Thursday, August 31, 2017

Car Buying VS Car Leasing: Which one is the best for you?

loan for your car
One of the best ways to acquire a vehicle is through paying for it upfront in cash. Except, very few people can actually afford to do this. So, when we mere mortals can't afford to pay for a car in cold hard cash, the first people we turn to are reputable dealers for a car loan. But this isn't the only way. Some of us simply cannot use a big chunk of our savings or monthly expenses for a big down payment, because of priorities. When life happens and you just can't cough up the dollars upfront, there is another option: car leasing.

Buying Pros and Cons

One big pro about buying a vehicle is the flexibility to keeps or sell the vehicle. You also don't have to worry about keeping it in tip top shape or going over the annual mileage limit since it's yours. Of course, this is provided that you've paid for it in full or are religiously paying for it week by week. Speaking of paying in full, you also get the benefit of completely eliminating the fixed weekly/fortnightly/monthly repayments once you've paid off your auto loan. All you have to worry about from then on will be petrol, maintenance, and insurance.

This isn't to say that buying a vehicle doesn't have its downsides. The first problem when you purchase a vehicle, whether outright or as a loan, is the fact that you need to have such a large deposit. And because there are car loan terms wherein you only have two years to pay, sometimes your weekly repayments are larger as well. While this may be cheaper as an expense in the long term, this wouldn't matter so much if your cash flow wouldn't allow for such a large weekly expense. The second problem with buying a car is that it's a depreciating asset. This means that from the moment you start driving that brand-new car, its value will drop by about 20% which means you'll never be able to get back the worth you paid for it even if you sell.

Car Leasing Pros and Cons

One of the best things about a car lease is the fact that it costs much less upfront. This means you can actually drive a better can than you can normally afford if you were to purchase outright. Of course, one of the biggest reasons for this is because you're essentially paying for a vehicle that costs less than its actual value. Remember how we were talking about how a vehicle depreciates in value once it's been driven? That's why.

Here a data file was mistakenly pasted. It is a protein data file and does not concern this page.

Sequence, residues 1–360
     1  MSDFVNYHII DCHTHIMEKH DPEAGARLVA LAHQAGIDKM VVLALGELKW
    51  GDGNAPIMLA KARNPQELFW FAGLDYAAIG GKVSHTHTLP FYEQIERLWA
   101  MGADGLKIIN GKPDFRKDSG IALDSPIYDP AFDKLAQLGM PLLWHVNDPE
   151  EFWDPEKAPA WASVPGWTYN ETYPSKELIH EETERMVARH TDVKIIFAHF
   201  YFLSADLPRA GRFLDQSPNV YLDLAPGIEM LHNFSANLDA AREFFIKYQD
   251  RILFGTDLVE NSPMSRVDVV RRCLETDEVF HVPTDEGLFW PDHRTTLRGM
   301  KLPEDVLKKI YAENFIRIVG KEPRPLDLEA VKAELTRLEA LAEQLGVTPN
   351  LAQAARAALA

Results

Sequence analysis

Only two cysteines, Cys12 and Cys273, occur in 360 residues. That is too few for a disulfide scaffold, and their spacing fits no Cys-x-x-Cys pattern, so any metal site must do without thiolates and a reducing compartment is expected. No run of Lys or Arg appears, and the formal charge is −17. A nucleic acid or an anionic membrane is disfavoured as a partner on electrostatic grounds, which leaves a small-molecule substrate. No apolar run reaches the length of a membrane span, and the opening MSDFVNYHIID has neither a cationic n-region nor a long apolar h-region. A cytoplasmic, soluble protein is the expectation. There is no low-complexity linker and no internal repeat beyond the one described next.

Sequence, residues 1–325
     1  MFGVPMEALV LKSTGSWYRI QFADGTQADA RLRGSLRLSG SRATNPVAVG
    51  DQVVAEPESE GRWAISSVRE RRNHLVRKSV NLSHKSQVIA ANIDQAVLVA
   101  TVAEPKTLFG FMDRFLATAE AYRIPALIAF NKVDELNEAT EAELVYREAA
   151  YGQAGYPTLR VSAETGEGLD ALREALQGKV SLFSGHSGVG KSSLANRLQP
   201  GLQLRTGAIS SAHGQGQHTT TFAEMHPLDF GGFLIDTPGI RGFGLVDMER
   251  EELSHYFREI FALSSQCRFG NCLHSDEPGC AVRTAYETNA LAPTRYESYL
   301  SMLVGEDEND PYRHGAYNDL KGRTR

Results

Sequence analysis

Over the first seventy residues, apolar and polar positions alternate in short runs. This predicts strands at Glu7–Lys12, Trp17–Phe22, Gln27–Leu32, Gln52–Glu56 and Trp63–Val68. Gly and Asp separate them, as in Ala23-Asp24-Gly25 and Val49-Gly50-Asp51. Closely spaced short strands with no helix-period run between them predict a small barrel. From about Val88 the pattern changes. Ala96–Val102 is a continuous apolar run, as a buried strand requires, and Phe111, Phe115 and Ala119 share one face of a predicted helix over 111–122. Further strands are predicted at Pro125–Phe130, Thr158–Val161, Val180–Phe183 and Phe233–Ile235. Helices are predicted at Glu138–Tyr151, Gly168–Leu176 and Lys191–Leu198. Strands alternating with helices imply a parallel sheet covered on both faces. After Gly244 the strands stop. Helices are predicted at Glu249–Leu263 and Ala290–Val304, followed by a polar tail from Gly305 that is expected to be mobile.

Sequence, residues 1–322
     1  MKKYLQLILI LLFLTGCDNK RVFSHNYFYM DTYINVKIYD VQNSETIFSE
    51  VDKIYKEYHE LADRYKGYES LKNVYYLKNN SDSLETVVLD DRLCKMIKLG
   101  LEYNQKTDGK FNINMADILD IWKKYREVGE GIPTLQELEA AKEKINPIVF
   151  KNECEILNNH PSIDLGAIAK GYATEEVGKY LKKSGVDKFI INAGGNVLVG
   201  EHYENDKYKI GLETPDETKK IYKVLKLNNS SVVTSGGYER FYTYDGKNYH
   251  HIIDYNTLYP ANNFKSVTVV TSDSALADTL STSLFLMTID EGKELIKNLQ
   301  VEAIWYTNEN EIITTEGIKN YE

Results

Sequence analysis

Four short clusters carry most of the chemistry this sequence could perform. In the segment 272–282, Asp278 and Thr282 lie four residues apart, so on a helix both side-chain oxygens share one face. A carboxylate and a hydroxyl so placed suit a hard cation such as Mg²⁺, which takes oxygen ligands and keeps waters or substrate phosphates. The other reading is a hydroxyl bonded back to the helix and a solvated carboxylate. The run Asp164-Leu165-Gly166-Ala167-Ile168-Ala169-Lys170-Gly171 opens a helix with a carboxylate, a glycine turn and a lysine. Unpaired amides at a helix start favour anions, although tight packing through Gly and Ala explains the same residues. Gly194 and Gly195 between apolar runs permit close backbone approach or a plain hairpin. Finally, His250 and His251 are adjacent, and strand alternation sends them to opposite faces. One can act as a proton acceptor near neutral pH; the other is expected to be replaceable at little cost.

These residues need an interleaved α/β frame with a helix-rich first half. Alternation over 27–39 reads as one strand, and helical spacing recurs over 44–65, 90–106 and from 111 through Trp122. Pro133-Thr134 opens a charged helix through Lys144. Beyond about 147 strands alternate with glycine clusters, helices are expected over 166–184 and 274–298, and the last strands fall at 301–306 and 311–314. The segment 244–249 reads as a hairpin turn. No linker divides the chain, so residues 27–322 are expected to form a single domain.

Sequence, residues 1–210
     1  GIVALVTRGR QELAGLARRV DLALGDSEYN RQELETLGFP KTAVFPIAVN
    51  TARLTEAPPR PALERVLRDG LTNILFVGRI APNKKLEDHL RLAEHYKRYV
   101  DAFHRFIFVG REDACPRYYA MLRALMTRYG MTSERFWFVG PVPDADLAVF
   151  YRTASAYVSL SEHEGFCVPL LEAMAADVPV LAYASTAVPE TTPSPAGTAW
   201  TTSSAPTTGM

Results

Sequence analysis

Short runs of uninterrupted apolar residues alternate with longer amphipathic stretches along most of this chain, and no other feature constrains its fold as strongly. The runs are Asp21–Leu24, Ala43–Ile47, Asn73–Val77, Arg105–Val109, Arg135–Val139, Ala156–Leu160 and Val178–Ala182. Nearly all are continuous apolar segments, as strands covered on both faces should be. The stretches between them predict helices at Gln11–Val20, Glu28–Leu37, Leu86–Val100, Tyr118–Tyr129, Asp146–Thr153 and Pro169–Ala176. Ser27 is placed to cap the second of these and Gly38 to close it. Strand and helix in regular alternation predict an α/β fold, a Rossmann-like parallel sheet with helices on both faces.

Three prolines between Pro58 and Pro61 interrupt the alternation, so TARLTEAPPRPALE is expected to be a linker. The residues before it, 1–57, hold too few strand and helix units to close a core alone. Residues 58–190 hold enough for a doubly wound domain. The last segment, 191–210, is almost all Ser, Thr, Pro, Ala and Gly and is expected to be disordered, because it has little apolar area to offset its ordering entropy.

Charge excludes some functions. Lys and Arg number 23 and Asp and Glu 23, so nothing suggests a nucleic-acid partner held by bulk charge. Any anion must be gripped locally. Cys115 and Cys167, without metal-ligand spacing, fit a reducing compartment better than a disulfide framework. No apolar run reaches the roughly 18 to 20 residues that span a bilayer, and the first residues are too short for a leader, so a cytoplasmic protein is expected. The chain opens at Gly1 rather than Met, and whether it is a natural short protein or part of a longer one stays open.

If your cash flow is on the fluid side because of a higher weekly income then you might just be able to get that luxury car that was a little out of price range for an outright purchase. Even if you can't get a luxury car through lease, if your income is even just 20% higher compared to the minimum for bad credit card finance, you can get a pretty decent family sedan or even SUV with a relatively fluid cashflow -- and that is after weekly and lease expenses. Speaking of bad credit finance, you can actually help get your credit rating up if you're able to sustain good payments in your car lease. It's also much easier to acquire a lease than a loan when you're part of the credit challenged market. When your term is over, most companies will allow you the options of swapping the vehicle for a better model, returning it, or even paying for the residual value if you're on a lease to buy.

PRO TIP: If you own a business, leasing may just be the better option as you can actually have leased cars deducted from your taxes if you use them for business.

Of course, like anything else, car leasing has its own cons. Remember that, because you paid less upfront, you will end up paying more in the long run compared to buying a car. Since the vehicle isn't really under your name, you cannot return it with an excess of your contractual annual mileage allowance or in anything less than impeccable condition unless you want to be hit with fees. Also, if you fall in love with the car, you're going to have to pay for residual fees (see residual value above) to have the vehicle transferred to your name at the end of your lease term.

So, should I buy or lease?

Both car buying and car leasing have their ups and downs. But if you have some money saved up or if you can actually afford a higher upfront and (possibly) monthly repayments, buying a car outright or getting a car loan is definitely the smarter choice. Simply put, you end up saving more in the long run even if you have to shell out more during the initial stages.

If your responsibilities won't allow you to prioritize higher deposits or repayments, or your cash flow might end up a little tight, or if you're part of the credit challenged market, then a car lease is your best bet. Although you'll end up paying more by the end of it, your finances during the car acquisition stage won't be as restrictive.

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